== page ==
Even though she has shown her artistic talents since third grade, Enid Silverman thought she would become an English teacher. A newlywed with a bachelor’s degree in art and education, she decided to become a substitute teacher when she discovered she needed a master’s degree to get a teaching job. She also studied at the Chicago Academy of Fine Art.
Describing her work as romantic realism with an impressionistic touch, she sold her first five paintings to an antique dealer happened to see her work. This was the first time she entertained the thought of becoming a professional artist. This sale led her to enter a juried art show.
This led to her displaying her paintings at summer art shows starting around 1967. “People then went with the express purpose of buying paintings at that time,” she said. With her success at these shows, and some resulting awards, she abandoned teaching in public schools and pursued her passion – painting.
A chance encounter with a woman she met at a dress shop led her to study with late artist Peter Darro.
“It’s amazing how you take a fork in the road and it influences your entire life,” said Silverman. “Peter saw my stuff and told me I could do better. That started my relationship with him. He was a marvelous talent and person. I was one of his last new students and he influenced my entire career.”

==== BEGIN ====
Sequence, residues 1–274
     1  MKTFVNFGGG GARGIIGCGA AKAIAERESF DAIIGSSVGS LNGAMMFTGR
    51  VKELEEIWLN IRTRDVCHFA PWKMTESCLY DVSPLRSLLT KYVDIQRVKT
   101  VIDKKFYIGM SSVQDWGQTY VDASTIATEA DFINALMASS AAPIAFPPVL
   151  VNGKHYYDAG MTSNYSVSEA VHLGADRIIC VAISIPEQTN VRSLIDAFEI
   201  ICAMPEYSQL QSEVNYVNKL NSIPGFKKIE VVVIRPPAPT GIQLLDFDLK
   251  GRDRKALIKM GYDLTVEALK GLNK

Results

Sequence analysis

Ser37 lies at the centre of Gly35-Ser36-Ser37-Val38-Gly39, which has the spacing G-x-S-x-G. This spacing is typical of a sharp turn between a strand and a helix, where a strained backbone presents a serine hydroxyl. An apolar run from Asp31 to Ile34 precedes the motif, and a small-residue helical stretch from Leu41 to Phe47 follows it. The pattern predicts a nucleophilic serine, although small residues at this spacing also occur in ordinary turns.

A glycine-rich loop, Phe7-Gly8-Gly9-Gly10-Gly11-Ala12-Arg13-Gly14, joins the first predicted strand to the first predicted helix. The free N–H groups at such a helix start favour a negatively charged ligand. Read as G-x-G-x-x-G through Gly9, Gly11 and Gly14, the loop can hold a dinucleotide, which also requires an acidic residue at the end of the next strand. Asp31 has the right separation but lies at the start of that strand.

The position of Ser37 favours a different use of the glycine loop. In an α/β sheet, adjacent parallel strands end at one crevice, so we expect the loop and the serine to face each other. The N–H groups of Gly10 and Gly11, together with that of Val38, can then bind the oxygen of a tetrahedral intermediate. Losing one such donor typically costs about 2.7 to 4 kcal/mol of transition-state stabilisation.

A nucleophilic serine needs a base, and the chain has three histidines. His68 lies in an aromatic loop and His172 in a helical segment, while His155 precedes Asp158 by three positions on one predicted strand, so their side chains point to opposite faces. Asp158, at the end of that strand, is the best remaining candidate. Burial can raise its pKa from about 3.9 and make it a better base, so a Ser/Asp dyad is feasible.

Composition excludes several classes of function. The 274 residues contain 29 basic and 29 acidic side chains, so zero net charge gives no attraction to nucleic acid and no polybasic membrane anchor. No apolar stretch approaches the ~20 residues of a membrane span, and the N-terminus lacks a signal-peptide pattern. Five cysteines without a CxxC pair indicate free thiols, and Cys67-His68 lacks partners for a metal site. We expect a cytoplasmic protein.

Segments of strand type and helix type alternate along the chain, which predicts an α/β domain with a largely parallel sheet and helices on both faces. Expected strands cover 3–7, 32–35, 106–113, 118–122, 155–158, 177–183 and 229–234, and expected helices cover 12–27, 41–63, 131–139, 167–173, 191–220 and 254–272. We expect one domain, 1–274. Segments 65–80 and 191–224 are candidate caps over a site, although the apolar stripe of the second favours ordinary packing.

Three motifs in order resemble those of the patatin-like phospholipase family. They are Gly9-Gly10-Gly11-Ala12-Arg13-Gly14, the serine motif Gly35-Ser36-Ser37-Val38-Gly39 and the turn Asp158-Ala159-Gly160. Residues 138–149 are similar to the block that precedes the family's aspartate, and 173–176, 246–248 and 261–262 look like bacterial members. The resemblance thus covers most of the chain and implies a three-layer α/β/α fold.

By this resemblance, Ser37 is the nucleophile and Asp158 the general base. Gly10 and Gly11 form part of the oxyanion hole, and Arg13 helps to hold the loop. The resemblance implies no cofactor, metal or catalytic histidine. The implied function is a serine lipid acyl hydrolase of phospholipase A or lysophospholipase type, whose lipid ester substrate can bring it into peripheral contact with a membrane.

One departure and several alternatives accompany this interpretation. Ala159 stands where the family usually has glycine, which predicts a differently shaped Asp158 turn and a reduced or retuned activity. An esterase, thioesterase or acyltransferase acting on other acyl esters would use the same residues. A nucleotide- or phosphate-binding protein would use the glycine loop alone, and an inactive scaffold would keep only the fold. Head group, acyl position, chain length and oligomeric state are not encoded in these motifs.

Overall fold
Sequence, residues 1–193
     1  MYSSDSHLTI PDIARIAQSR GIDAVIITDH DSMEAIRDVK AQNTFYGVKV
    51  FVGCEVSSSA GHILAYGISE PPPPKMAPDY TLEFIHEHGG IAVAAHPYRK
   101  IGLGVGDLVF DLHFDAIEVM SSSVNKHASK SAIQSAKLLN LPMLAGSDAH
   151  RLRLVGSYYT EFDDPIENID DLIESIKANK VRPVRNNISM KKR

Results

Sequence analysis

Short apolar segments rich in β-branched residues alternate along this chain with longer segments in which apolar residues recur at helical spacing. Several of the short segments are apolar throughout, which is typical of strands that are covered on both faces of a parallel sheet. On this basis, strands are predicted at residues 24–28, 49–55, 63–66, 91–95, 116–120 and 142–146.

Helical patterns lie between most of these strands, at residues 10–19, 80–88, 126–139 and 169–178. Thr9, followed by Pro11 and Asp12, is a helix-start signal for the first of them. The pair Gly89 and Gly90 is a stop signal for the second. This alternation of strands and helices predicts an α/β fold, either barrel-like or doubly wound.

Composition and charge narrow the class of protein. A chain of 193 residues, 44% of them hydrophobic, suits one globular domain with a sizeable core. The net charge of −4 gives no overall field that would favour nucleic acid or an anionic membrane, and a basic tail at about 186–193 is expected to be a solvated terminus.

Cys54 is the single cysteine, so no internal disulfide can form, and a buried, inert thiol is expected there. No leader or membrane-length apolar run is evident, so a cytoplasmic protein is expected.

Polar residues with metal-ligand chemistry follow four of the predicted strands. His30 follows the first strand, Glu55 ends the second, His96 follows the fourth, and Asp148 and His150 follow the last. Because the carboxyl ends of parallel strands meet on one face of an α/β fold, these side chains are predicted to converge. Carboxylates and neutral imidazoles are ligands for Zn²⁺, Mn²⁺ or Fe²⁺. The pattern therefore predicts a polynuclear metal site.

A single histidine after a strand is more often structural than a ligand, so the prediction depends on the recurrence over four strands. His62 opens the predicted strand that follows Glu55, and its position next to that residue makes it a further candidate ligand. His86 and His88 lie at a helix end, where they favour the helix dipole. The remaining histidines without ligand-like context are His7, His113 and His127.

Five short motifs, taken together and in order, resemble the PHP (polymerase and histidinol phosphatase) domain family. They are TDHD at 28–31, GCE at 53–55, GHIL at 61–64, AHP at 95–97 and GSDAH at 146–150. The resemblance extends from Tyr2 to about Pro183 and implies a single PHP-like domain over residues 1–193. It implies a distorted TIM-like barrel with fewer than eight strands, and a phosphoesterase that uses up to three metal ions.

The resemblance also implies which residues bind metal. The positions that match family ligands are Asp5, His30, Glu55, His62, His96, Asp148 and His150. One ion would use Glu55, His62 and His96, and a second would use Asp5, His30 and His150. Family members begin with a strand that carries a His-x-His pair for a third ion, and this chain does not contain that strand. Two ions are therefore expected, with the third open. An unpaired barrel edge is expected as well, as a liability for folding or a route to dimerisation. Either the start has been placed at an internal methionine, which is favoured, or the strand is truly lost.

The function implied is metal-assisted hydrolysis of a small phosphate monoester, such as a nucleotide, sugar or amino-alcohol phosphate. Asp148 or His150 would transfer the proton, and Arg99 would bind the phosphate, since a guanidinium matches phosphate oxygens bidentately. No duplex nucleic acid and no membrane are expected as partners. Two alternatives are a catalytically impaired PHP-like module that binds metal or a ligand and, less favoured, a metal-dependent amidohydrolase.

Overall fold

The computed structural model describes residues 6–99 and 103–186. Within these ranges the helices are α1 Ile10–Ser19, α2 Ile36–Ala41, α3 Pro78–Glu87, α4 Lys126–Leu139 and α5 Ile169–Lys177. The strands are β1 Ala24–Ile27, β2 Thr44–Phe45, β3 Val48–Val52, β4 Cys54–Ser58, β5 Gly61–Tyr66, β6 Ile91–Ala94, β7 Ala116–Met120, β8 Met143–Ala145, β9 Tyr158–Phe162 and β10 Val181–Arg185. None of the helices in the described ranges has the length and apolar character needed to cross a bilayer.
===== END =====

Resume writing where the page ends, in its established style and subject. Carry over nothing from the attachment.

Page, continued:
Due to her studies with Darro, Silverman began working with the prestigious Merrill Chase galleries, selling her art through them in Chicago and Las Vegas. She also began teaching in the surrounding communities).
When I was asked to do stained glass windows, which she knew nothing about, she talked to her mentor. “Peter told me to go for it. That’s been my motto ever since,” she said. “I bite off more than I can chew and chew fast, taking on every opportunity I can. The stained glass windows became the most creative and rewarding things I’ve ever done.”
In addition to painting on canvas, Darro encouraged her to paint murals, including one for Children’s Memorial Hospital and another for Damar Natural Stone. She also began to accept stained glass projects and, about 20 years ago, started to do a television show interviewing other artists.
“Other than writing,” she observed, “what else do we do that lasts longer than we do? Nothing else lasts like a painting. It still amazes me that people travel to galleries and to Europe to look at paint on a canvas and get a thrill. Isn’t that amazing?”